By Dr. Curtis Varnell
Cringing in fear, I sat between my two uncles fearfully gazing at the big screen and watching the horrifying story unfold. I don’t know the year but I know I was way too young to be watching a T-rex pursue and devour cattle and men in the movie, The Beast of Hollow Mountain. My first movie and I can still recall some of the scenes.
For a big portion of the last century, the local theater was the place to be, especially on a Saturday afternoon or evening. Every town of any size had at least one, and some several, theaters where the teenagers would congregate and enjoy visiting and watching the latest movies.
Whether it was the Gem Theater (Charleston), the Reata (Danville), Savage (Booneville), Scott (Waldron) or Logan (Paris), the local theater was the place to be for teenagers, especially on Saturday evenings.
The most common genres were the horror stories featuring Godzilla, King Kong, or even more horrifying creatures like the blob, Hitchcock’s The Birds, or the creature from the Black Lagoon. I think my uncles particularly liked these because their frightened dates would sit much closer to them and clutch their hands throughout the movie.
My favorite were always the westerns. I loved movies featuring John Wayne, Roy Rogers, and later Clint Eastwood. I can still recall clutching my quarter to purchase my ticket and then finding my way through the darkened theater to my favorite seat. If I had enough money, I could purchase a soda, candy bar, and popcorn for another quarter.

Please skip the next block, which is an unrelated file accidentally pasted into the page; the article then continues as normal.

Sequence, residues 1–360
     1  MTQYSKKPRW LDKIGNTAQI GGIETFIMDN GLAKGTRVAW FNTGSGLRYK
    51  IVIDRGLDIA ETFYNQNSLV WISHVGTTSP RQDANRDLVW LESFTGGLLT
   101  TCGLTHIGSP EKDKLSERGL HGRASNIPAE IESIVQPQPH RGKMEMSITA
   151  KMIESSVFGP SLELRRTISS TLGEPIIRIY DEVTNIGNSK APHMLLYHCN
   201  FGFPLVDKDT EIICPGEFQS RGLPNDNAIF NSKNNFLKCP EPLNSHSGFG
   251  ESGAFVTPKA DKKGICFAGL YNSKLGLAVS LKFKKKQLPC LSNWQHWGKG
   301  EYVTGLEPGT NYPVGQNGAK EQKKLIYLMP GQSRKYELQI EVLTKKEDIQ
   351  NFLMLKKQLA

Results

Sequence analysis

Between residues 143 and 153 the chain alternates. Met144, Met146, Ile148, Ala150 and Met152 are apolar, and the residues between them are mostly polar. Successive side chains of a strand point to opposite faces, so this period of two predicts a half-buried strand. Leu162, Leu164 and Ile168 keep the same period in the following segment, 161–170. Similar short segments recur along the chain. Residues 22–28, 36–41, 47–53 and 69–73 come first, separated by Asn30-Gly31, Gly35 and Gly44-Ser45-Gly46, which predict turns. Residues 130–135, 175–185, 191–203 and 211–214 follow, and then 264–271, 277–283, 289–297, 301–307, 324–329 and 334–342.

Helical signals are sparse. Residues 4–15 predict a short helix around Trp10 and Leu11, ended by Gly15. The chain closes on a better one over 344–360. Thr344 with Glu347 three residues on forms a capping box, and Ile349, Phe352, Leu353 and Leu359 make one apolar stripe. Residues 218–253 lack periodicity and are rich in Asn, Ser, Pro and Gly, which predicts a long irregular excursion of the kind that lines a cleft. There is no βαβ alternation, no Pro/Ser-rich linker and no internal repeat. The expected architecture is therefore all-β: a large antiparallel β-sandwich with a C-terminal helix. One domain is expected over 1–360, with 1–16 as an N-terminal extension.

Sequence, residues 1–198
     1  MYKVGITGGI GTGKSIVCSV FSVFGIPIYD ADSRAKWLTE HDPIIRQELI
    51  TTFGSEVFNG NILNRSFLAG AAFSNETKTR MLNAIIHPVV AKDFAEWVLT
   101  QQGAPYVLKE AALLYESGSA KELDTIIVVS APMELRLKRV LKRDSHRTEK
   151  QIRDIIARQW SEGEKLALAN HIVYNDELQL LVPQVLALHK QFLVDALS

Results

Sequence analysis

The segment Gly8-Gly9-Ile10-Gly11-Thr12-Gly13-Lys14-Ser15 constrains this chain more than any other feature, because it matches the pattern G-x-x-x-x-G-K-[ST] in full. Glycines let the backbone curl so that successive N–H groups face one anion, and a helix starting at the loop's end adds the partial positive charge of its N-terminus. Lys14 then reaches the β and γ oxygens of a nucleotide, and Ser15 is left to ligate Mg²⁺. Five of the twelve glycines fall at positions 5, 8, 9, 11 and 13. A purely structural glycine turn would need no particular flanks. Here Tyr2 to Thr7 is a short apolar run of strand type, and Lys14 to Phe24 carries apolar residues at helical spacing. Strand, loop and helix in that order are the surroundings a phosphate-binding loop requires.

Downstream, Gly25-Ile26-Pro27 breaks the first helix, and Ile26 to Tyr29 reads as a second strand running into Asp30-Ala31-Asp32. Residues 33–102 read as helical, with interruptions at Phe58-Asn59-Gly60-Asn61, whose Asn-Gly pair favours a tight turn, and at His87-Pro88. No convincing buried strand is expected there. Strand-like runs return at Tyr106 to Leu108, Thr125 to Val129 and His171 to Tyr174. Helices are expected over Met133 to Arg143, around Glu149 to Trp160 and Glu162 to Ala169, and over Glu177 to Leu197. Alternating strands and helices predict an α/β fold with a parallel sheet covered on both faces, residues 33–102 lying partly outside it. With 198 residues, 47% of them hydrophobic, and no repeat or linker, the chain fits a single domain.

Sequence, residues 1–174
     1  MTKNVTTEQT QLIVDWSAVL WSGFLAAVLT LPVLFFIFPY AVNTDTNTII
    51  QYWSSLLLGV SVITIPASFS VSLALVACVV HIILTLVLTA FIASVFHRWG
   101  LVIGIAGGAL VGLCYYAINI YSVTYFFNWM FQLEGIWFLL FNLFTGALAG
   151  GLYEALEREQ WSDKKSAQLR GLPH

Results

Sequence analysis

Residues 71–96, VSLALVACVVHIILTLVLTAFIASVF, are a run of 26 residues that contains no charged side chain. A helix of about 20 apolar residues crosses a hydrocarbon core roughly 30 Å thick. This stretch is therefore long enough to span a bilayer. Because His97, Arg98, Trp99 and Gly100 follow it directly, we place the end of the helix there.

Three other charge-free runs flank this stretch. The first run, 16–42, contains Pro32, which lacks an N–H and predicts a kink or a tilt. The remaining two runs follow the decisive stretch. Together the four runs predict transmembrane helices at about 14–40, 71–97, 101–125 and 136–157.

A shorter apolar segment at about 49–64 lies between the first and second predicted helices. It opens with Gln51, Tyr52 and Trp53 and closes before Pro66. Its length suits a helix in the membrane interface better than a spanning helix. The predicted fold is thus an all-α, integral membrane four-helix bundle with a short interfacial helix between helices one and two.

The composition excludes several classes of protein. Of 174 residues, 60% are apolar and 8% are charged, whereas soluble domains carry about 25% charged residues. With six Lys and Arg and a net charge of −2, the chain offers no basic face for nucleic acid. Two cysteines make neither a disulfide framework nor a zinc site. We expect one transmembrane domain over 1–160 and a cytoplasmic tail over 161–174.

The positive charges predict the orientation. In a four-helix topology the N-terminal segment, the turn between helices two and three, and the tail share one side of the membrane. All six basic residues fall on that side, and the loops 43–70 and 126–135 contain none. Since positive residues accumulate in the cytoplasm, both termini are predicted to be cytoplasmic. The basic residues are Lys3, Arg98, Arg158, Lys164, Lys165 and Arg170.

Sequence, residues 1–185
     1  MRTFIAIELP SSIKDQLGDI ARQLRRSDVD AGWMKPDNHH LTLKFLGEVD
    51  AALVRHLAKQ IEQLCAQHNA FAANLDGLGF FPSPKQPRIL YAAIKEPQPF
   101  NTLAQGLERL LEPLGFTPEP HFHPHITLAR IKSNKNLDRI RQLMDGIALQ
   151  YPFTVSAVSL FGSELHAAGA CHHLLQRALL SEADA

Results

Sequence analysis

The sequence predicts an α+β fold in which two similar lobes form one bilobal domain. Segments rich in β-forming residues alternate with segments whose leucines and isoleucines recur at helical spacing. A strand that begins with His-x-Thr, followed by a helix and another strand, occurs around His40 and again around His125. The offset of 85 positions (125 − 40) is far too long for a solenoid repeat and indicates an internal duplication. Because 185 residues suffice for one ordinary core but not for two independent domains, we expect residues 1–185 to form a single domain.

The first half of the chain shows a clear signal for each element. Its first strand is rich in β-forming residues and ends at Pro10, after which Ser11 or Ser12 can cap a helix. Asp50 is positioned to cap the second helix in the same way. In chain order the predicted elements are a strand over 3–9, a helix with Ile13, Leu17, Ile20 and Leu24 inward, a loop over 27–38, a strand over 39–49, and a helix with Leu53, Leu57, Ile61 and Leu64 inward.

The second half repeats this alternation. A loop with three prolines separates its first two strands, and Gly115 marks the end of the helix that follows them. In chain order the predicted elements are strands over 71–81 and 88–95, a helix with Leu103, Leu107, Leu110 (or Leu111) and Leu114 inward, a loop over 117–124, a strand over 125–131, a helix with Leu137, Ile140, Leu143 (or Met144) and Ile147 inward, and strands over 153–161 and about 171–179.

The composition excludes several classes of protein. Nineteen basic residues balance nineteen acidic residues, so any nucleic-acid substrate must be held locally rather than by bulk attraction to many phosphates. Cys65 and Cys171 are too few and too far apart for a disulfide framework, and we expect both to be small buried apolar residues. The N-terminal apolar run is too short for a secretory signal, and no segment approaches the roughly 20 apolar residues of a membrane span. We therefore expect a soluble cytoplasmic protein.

The theaters were plush with velvet seats, carpeted floors, and surround sound. Up until the 1920’s, theaters were live performances and available only for the wealthy. With the development of movies, theater entertainment became available to all and theater owners made them extremely nice to give the working class a taste of the finer things in life.
Most people over the age of forty can identify with those days of standing in line waiting patiently for your turn to buy a ticket and can still recall the smell of the buttered popcorn and other refreshments that could be purchased at the concession stand. Many married couples can still remember their first date- a trip to the theater- and probably the movie that was playing at the time.
One of my first dates was at the Paris drive-in theater and the movie was the tear jerker, Love Story. Drive-ins, another thing of the past, allowed you to sit in your own car while watching the movie. You would drive up onto a small banked hill about sundown, turn off your lights, and fasten your microphone to your car window, and enjoy the latest movies. Sometimes, families would bring entire pick-up loads of kids, back up to the sound device, and sit in lawn chairs in the truck bed while watching the movie. Many enjoyable spring and summer nights were spent in this manner.
Times have changed, people travel further for entertainment, and large theaters offering ten or twelve movie choices have taken the place of our community theaters. The old movie theaters stand deserted and quite but, as we pass by, we still remember our Saturdays at the Movies.